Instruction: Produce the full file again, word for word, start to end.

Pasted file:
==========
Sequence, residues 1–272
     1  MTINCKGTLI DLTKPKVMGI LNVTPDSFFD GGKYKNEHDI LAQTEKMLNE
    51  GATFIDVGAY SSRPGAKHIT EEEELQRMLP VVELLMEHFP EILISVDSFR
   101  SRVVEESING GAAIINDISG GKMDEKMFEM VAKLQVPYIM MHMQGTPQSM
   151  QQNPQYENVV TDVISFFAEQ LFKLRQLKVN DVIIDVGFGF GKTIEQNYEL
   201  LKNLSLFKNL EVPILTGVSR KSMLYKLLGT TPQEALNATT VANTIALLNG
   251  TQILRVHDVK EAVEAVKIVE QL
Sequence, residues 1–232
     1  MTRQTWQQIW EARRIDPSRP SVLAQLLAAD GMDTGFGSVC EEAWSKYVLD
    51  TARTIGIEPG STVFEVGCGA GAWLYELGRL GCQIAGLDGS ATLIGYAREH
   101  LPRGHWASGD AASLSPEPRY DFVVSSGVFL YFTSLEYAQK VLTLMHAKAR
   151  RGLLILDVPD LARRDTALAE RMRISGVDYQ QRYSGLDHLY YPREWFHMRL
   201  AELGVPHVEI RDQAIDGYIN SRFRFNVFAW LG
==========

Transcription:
Sequence, residues 1–272
     1  MTINCKGTLI DLTKPKVMGI LNVTPDSFFD GGKYKNEHDI LAQTEKMLNE
    51  GATFIDVGAY SSRPGAKHIT EEEELQRMLP VVELLMEHFP EILISVDSFR
   101  SRVVEESING GAAIINDISG GKMDEKMFEM VAKLQVPYIM MHMQGTPQSM
   151  QQNPQYENVV TDVISFFAEQ LFKLRQLKVN DVIIDVGFGF GKTIEQNYEL
   201  LKNLSLFKNL EVPILTGVSR KSMLYKLLGT TPQEALNATT VANTIALLNG
   251  TQILRVHDVK EAVEAVKIVE QL
Sequence, residues 1–232
     1  MTRQTWQQIW EARRIDPSRP SVLAQLLAAD GMDTGFGSVC EEAWSKYVLD
    51  TARTIGIEPG STVFEVGCGA GAWLYELGRL GCQIAGLDGS ATLIGYAREH
   101  LPRGHWASGD AASLSPEPRY DFVVSSGVFL YFTSLEYAQK VLTLMHAKAR
   151  RGLLILDVPD LARRDTALAE RMRISGVDYQ QRYSGLDHLY YPREWFHMRL
   201  AELGVPHVEI RDQAIDGYIN SRFRFNVFAW LG